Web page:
We need to keep this in mind because from time to time we may feel condemned by our consciences, especially if we give credence to those who criticize us. The Devil always knows how to attack us; he knows what will “get to us.” What can we do when we doubt our beliefs? God knows what’s going on; He is smarter than our consciences and greater than our feelings. We can trust Him and rest in His love. We should never excuse our sins, but neither should be needlessly condemn ourselves, either.

What about me? Have I been a good servant? Well, I don’t worry over what you think about this or what anyone else thinks. I don’t even trust my own judgment on this point. My conscience is clear, but even that isn’t final proof. It is the Lord himself who must examine me and decide. (1 Corinthians 4:3, 4 TLB)

Believing in the Son and Living in Him, verses 23, 24

And this is what God says we must do: Believe on the name of his Son Jesus Christ, and love one another. Those who do what God says—they are living with God and he with them. We know this is true because the Holy Spirit he has given us tells us so. (TLB)

John is giving us much more than theology in these two verses! He’s giving us the only way to live life. As Christians, we are indwelt by God, Christ, and the Holy Spirit, and because they are in us, then it follows we must live – demonstrate – that experience by being obedient and doing what God says through the Holy Spirit.

Discern the Spirits, 1 John 4:1 – 6

The ability to discern the spirits is not a gimmick. It’s not a parlor trick. It’s a very real gift available to all believers, according to Paul.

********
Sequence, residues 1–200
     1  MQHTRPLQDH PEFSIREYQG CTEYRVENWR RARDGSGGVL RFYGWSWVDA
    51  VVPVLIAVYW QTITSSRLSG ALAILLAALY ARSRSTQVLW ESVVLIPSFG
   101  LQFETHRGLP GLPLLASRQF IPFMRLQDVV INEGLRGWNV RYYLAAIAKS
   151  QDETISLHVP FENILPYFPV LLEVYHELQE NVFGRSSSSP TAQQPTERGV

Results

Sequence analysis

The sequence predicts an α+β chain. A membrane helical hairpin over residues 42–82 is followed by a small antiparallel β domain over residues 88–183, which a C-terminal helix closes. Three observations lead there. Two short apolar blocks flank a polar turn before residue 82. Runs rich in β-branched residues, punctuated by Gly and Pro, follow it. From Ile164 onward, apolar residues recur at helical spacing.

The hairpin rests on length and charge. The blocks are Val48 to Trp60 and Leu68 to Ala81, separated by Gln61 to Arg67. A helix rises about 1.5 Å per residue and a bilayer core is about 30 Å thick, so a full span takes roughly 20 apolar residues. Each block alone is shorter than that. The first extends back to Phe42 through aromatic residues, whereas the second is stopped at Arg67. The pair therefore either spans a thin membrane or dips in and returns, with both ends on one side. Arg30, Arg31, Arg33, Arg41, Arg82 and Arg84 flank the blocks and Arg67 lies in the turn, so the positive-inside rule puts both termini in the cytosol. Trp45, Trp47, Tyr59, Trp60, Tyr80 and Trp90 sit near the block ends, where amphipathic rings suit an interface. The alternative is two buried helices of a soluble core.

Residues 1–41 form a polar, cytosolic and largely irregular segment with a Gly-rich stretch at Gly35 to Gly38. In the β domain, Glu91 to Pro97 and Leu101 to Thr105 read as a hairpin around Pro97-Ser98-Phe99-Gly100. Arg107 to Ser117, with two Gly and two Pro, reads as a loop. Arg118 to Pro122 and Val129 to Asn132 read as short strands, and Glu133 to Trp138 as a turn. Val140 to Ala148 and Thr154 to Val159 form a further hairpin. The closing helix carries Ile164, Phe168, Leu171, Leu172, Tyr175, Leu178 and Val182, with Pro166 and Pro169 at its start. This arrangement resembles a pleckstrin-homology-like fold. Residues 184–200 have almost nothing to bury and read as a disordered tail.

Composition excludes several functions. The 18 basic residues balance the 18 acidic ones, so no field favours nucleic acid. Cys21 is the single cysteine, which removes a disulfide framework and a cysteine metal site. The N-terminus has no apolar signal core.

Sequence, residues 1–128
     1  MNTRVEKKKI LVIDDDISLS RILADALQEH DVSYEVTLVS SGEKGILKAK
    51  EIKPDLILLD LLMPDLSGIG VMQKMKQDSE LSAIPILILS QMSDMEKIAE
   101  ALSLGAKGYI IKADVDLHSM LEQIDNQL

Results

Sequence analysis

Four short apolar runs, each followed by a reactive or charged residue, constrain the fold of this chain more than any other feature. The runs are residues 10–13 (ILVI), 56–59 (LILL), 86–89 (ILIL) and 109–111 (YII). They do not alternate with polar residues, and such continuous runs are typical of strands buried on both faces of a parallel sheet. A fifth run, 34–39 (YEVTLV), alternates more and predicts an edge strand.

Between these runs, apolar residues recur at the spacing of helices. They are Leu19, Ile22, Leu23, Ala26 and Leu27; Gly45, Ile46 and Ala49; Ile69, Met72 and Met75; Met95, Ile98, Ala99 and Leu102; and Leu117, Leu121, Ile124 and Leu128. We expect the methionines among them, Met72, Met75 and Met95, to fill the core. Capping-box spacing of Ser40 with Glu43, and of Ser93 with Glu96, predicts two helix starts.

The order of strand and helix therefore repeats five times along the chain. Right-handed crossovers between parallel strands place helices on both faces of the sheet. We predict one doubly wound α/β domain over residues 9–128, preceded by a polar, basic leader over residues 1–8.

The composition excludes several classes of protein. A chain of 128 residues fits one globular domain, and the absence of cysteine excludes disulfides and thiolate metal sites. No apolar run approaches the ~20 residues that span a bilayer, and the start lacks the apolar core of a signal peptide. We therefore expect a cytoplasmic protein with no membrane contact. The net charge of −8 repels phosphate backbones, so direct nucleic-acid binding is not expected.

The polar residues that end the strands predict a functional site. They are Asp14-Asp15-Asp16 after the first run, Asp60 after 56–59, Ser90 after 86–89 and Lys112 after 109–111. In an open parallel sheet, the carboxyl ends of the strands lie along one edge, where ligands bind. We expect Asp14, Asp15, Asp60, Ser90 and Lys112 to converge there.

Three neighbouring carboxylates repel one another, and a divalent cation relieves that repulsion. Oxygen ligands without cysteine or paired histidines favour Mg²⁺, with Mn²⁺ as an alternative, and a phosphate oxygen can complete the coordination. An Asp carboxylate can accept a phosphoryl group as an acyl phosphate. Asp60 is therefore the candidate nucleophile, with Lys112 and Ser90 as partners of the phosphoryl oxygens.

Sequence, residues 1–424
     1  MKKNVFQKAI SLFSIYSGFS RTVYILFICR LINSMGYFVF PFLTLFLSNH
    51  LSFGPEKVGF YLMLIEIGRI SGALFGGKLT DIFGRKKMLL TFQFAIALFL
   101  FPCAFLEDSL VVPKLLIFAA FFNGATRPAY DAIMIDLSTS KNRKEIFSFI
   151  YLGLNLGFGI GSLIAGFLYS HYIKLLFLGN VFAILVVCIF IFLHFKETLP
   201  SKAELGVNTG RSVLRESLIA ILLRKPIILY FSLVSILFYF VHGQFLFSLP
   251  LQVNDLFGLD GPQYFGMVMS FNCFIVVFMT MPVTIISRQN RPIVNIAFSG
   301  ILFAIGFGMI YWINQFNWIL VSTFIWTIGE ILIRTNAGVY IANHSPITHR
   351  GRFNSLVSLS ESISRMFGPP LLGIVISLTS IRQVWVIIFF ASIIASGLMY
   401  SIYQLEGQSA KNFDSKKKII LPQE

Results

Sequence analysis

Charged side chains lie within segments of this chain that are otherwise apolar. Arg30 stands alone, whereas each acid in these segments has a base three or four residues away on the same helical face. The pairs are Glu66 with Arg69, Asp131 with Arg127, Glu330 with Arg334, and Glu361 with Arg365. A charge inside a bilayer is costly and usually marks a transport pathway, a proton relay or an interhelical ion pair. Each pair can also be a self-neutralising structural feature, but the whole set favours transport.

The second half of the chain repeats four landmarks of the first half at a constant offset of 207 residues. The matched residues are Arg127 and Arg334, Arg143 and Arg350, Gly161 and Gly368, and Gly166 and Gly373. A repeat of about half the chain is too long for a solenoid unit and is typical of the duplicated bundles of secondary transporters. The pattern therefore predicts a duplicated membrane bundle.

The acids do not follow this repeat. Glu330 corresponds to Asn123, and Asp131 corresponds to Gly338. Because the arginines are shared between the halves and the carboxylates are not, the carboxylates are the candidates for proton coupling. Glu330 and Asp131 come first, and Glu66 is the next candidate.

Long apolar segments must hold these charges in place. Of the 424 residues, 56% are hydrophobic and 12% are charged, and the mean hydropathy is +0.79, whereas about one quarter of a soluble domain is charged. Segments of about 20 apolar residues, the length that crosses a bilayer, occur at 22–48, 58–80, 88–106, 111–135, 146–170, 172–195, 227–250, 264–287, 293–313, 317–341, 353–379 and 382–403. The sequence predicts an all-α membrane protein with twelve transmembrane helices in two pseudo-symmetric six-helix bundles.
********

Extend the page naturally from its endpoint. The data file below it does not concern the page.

He gives someone else the power to know whether evil spirits are speaking through those who claim to be giving God’s messages—or whether it is really the Spirit of God who is speaking. (1 Corinthians 12:10 TLB)

John said the same thing this way:

Dearly loved friends, don’t always believe everything you hear just because someone says it is a message from God: test it first to see if it really is. For there are many false teachers around… (1 John 4:1 TLB)

It’s frightening to consider, but the fact is there are many spirits in the world, both good and bad, and we as believers need to be able to distinguish between them. There is the “Spirit of God” and the “spirit of antichrist.” Each may possess and manifest himself through people. There is the power of righteousness and the power of evil operating in the world, through people. And there are false prophets who are able to make evil out of good. People like this are all over the church of Jesus Christ today. According to John, there is a simple test to tell if a person is a false prophet or not:

…the way to find out if their message is from the Holy Spirit is to ask: Does it really agree that Jesus Christ, God’s Son, actually became man with a human body? If so, then the message is from God. (1 John 4:2 TLB)